xxxxxIncidentally, on leaving the navy in 1873, Rimsky-Korsakov was appointed the Inspector of Naval Bands. In this capacity he travelled throughout Russia, improving his knowledge of wind and brass instruments and proving highly successful in training inexperienced instrumentalists. The knowledge he gained in this appointment greatly assisted him in the scoring of his own compositions. ……

Xxxxx…… Nadezhda, whom Rimsky-Korsakov married in July 1872, was an accomplished pianist who, at the time of their marriage, was far better trained musically than her husband. A beautiful and capable woman, she supported her husband throughout his career, attending rehearsals, suggesting improvements to his works, and for ever extolling his virtues as a composer. It is said that on the day of their marriage they read together May Night, the short story by the Russian novelist Nikolai Gogol. A few years later this work formed the basis of Rimsky-Korsakov’s first opera. The couple had seven children. ……


Xxxxx…… In his Foundations of Orchestration Rimsky-Korsakov advanced the theory that the four basic woodwinds possessed a vast range of expression, and should be used to a greater extent. This idea had a profound effect upon the music of the early 20th century, including the dance bands which became so popular in America during the 1930s. ……

xxxxx…… On hearing Rimsky-Korsakov’s orchestral piece Spanish Capriccio, Tchaikovsky wrote that it was a “masterpiece of instrumentation, and made him “the greatest master of the day”!

xxxxxThexRussian pianist, composer and conductor Mily Balakirev (1837-1910) wrote two symphonies (1897 and 1908), and a symphonic poem entitled Tamara in 1883 (which he dedicated to Franz Liszt). Also notable among his works was the fiery oriental fantasy Islamey, composed for solo piano in 1869. These and his other compositions, by their mixture of sweet melody and splashes of passion and fantasy, conjured up the countryside and the colourful history and folk legend of Mother Russia. Today, however, he is mostly remembered as the man who, in 1862, set up and firmly led The Mighty Five, a small circle of amateur composers aimed at promoting Russian music. He and his fellowxmusicians were (clockwise from left) Balakirev, Rimsky-Korsakov, Borodin, and Mussorgsky, with (centre) César Cui, an army officer who composed and worked as a music critic in his spare time. They acquired their name in 1867 following the first performance of Rimsky-Korsakov’s Fantasy on Serbian Themes. Onxhearing the work, the Russian music critic Vladimir Stasov (1824-1906) announced that Russia now had its own “mighty little heap” of native composers. The idea caught on and the group took its place in music history under a variety of titles, including The Mighty Five, The Russian Five and The Mighty Handful.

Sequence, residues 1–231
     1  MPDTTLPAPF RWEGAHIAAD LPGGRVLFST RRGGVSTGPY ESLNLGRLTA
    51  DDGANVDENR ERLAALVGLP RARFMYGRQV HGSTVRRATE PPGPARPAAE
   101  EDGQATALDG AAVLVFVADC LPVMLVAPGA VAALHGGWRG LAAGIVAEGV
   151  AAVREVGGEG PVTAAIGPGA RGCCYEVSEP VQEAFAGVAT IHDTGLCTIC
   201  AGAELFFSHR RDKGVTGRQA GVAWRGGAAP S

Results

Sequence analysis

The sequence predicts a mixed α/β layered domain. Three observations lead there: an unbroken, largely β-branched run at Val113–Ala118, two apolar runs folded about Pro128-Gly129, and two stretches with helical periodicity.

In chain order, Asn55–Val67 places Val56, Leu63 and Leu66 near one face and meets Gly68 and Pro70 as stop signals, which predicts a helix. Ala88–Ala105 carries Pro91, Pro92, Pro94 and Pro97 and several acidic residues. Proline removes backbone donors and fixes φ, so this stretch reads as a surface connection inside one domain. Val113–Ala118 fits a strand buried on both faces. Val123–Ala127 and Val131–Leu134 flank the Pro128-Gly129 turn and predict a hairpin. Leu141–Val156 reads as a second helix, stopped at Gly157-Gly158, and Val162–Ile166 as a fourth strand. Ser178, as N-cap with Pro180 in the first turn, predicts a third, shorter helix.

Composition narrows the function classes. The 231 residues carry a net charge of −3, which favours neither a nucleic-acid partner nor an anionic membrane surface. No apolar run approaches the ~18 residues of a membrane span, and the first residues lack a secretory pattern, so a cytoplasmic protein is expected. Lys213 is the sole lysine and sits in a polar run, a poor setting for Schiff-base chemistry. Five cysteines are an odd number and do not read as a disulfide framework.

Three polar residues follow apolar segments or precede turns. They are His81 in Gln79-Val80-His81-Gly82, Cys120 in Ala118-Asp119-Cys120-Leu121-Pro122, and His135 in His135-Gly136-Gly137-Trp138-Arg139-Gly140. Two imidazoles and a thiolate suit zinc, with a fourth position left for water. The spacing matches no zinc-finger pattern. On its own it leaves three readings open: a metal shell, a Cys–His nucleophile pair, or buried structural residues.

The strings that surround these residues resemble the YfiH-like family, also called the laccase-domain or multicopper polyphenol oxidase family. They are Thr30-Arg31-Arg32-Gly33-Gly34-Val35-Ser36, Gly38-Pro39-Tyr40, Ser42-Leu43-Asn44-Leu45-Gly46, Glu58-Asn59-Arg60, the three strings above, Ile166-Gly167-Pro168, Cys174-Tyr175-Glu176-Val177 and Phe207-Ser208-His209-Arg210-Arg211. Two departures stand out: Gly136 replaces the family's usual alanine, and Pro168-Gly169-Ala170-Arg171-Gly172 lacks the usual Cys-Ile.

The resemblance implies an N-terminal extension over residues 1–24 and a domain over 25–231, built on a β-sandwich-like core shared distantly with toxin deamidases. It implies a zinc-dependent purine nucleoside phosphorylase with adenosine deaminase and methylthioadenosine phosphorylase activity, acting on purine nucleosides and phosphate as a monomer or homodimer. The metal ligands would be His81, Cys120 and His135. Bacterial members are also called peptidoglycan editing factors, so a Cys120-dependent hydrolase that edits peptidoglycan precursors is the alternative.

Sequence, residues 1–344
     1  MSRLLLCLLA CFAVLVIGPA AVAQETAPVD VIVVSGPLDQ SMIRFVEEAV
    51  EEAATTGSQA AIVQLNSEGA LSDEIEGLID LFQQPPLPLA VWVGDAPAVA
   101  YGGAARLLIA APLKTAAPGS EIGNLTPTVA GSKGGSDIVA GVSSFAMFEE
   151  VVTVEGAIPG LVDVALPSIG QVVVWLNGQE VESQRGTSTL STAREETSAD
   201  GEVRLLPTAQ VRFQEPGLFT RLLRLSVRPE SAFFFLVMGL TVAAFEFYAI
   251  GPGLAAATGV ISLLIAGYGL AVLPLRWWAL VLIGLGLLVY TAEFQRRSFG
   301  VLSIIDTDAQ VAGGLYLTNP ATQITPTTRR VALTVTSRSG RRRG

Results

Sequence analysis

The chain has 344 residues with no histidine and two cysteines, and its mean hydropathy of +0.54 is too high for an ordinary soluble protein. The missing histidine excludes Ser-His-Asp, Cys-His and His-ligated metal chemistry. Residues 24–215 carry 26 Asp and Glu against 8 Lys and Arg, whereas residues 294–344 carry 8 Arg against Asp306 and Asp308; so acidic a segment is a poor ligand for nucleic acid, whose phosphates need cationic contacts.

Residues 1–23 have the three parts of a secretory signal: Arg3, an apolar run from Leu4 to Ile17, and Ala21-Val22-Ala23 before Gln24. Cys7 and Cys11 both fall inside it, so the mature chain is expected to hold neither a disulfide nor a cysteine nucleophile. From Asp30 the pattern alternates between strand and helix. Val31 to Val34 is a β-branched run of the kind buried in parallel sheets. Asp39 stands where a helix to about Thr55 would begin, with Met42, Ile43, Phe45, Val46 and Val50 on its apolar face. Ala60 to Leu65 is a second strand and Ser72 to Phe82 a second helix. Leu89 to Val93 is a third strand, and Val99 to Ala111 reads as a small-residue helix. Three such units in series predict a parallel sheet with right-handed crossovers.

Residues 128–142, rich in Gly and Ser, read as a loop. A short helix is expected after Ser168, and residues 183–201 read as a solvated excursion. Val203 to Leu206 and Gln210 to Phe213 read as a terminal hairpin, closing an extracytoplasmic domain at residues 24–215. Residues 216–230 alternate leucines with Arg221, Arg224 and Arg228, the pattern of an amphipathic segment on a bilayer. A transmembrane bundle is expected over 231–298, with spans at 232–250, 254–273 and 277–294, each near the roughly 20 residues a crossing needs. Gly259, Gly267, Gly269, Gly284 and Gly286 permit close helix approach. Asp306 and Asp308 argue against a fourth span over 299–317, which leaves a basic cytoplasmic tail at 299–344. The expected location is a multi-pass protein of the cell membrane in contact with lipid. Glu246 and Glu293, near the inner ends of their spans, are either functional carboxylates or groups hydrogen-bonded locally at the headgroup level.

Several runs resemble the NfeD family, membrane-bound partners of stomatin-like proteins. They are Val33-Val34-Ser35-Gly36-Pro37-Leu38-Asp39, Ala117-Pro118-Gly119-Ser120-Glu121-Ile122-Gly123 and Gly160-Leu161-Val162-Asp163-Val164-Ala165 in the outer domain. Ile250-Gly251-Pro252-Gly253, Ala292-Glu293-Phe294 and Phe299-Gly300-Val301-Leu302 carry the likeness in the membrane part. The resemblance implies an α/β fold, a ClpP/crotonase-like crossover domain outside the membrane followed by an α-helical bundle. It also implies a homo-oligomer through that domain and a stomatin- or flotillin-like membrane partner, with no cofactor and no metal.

xxxxxBalakirev studied mathematics at the University of Kazan, but it was then that he began his musical career. In 1855 he met and was inspired by the Russian composer Mikhail Glinka - the “Father of Russian Music” - and three years later he played the piano in the presence of the Tsar.  He assisted in the foundation of the Free School of Music in St. Petersburg in 1862, and it was then that he set up and became the driving force of The Mighty Five. He was appointed director of the Imperial Court Chapel in 1883, but retired in 1894 to concentrate on his composition.


xxxxxWorthy of mention at this time is the French pianist, organist, teacher and composer César Franck (1822-1890). He spent most of his life in Paris, making his living as a teacher and organist and composing, in addition to piano and organ works, orchestral, chamber and vocal music. He played the organ for a number of major churches in the city, including Sainte Clotilde from 1858, and gained a reputation for his ability both as an organist and a teacher. In 1872 he was appointed professor of organ at the Paris Conservatoire, and it was from then that he composed his major works. These included his oratorios Redemption and Les Béatitudes, his Piano Quintet, his Symphonic Variations, his Violin Sonata, his Prélude, Choral and Fugue for piano, and his massive Symphony of 1888. He is especially remembered today for Panis Angelicus, a communion anthem which he put to music in 1872. His music was mostly meditative in mood, and particularly noted for its use of chromatic harmonies and the skilful use of counterpoint. Liszt gave him advice and promoted his works, and he knew, amongst others, the French composers Delibes, Saint Saëns and Fauré.

xxxxxAnd worthy of mention at this time is the French pianist, organist, teacher and composer César Franck (1822-1890). Though he achieved little fame or fortune during his lifetime, he is remembered today for his orchestral, chamber and vocal music, as well as for his brilliant compositions for piano and organ.